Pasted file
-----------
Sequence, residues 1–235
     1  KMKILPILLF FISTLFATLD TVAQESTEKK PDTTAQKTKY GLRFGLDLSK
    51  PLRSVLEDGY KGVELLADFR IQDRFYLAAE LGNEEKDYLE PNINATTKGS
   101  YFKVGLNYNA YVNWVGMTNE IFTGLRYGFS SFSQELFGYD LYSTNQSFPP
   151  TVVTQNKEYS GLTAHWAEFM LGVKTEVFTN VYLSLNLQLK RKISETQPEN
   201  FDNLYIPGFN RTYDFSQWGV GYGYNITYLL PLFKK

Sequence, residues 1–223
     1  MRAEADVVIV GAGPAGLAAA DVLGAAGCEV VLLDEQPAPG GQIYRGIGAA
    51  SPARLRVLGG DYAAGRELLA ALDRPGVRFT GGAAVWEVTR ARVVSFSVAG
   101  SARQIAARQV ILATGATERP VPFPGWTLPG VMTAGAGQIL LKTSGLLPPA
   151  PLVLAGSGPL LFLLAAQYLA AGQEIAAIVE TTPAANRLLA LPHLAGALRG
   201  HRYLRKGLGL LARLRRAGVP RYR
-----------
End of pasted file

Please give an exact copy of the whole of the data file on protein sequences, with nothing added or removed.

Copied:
Sequence, residues 1–235
     1  KMKILPILLF FISTLFATLD TVAQESTEKK PDTTAQKTKY GLRFGLDLSK
    51  PLRSVLEDGY KGVELLADFR IQDRFYLAAE LGNEEKDYLE PNINATTKGS
   101  YFKVGLNYNA YVNWVGMTNE IFTGLRYGFS SFSQELFGYD LYSTNQSFPP
   151  TVVTQNKEYS GLTAHWAEFM LGVKTEVFTN VYLSLNLQLK RKISETQPEN
   201  FDNLYIPGFN RTYDFSQWGV GYGYNITYLL PLFKK

Sequence, residues 1–223
     1  MRAEADVVIV GAGPAGLAAA DVLGAAGCEV VLLDEQPAPG GQIYRGIGAA
    51  SPARLRVLGG DYAAGRELLA ALDRPGVRFT GGAAVWEVTR ARVVSFSVAG
   101  SARQIAARQV ILATGATERP VPFPGWTLPG VMTAGAGQIL LKTSGLLPPA
   151  PLVLAGSGPL LFLLAAQYLA AGQEIAAIVE TTPAANRLLA LPHLAGALRG
   201  HRYLRKGLGL LARLRRAGVP RYR